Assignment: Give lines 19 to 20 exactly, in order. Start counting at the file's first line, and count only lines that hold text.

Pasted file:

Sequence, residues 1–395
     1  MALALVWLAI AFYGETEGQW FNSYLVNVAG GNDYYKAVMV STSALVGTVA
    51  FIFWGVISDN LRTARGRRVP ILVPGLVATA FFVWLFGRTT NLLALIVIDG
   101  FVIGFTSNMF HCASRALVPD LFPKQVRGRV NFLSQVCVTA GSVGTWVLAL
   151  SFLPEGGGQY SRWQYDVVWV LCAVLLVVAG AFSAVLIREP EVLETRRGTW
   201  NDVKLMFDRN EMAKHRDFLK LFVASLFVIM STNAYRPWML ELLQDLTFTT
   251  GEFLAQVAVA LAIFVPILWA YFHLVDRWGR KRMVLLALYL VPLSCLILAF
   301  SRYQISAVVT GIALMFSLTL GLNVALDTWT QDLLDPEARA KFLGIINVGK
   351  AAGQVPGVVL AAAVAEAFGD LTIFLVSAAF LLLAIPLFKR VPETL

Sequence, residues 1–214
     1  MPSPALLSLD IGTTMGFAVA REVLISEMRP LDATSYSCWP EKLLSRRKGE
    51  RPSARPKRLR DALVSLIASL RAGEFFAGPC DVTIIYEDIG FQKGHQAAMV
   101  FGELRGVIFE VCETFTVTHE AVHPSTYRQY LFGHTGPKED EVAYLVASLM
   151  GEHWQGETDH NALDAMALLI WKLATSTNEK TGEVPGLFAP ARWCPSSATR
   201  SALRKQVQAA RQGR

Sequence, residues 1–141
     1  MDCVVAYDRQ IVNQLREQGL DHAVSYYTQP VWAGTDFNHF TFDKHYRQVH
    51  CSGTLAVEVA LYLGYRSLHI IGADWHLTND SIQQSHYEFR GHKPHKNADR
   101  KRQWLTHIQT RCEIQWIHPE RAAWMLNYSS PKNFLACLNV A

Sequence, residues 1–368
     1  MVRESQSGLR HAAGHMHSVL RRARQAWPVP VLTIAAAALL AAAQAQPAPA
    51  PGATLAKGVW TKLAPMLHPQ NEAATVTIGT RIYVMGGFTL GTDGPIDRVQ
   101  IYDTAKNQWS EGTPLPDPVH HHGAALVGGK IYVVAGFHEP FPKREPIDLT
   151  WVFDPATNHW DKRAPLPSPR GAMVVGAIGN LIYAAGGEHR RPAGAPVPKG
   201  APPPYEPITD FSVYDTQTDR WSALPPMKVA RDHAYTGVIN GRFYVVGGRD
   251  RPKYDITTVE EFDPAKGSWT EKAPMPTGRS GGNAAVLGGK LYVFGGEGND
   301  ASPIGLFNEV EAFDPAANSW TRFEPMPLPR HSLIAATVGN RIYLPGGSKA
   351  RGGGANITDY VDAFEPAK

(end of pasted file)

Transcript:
   101  KRQWLTHIQT RCEIQWIHPE RAAWMLNYSS PKNFLACLNV A

Sequence, residues 1–368